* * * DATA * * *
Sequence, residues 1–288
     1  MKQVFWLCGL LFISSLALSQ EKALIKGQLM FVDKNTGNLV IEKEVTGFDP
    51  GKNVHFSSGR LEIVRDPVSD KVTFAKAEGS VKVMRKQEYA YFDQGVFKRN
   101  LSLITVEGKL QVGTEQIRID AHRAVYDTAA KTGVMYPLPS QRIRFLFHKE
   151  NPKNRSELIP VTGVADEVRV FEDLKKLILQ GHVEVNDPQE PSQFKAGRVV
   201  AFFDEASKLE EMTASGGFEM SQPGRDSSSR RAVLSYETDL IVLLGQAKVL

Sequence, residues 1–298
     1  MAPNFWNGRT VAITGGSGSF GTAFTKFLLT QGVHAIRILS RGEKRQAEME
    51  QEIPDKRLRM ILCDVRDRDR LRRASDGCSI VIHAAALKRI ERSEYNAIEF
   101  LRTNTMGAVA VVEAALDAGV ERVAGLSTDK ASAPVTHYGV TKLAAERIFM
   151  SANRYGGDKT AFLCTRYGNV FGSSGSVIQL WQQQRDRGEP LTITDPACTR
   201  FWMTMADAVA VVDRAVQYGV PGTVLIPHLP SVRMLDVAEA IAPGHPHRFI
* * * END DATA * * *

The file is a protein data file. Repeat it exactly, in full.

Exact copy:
Sequence, residues 1–288
     1  MKQVFWLCGL LFISSLALSQ EKALIKGQLM FVDKNTGNLV IEKEVTGFDP
    51  GKNVHFSSGR LEIVRDPVSD KVTFAKAEGS VKVMRKQEYA YFDQGVFKRN
   101  LSLITVEGKL QVGTEQIRID AHRAVYDTAA KTGVMYPLPS QRIRFLFHKE
   151  NPKNRSELIP VTGVADEVRV FEDLKKLILQ GHVEVNDPQE PSQFKAGRVV
   201  AFFDEASKLE EMTASGGFEM SQPGRDSSSR RAVLSYETDL IVLLGQAKVL

Sequence, residues 1–298
     1  MAPNFWNGRT VAITGGSGSF GTAFTKFLLT QGVHAIRILS RGEKRQAEME
    51  QEIPDKRLRM ILCDVRDRDR LRRASDGCSI VIHAAALKRI ERSEYNAIEF
   101  LRTNTMGAVA VVEAALDAGV ERVAGLSTDK ASAPVTHYGV TKLAAERIFM
   151  SANRYGGDKT AFLCTRYGNV FGSSGSVIQL WQQQRDRGEP LTITDPACTR
   201  FWMTMADAVA VVDRAVQYGV PGTVLIPHLP SVRMLDVAEA IAPGHPHRFI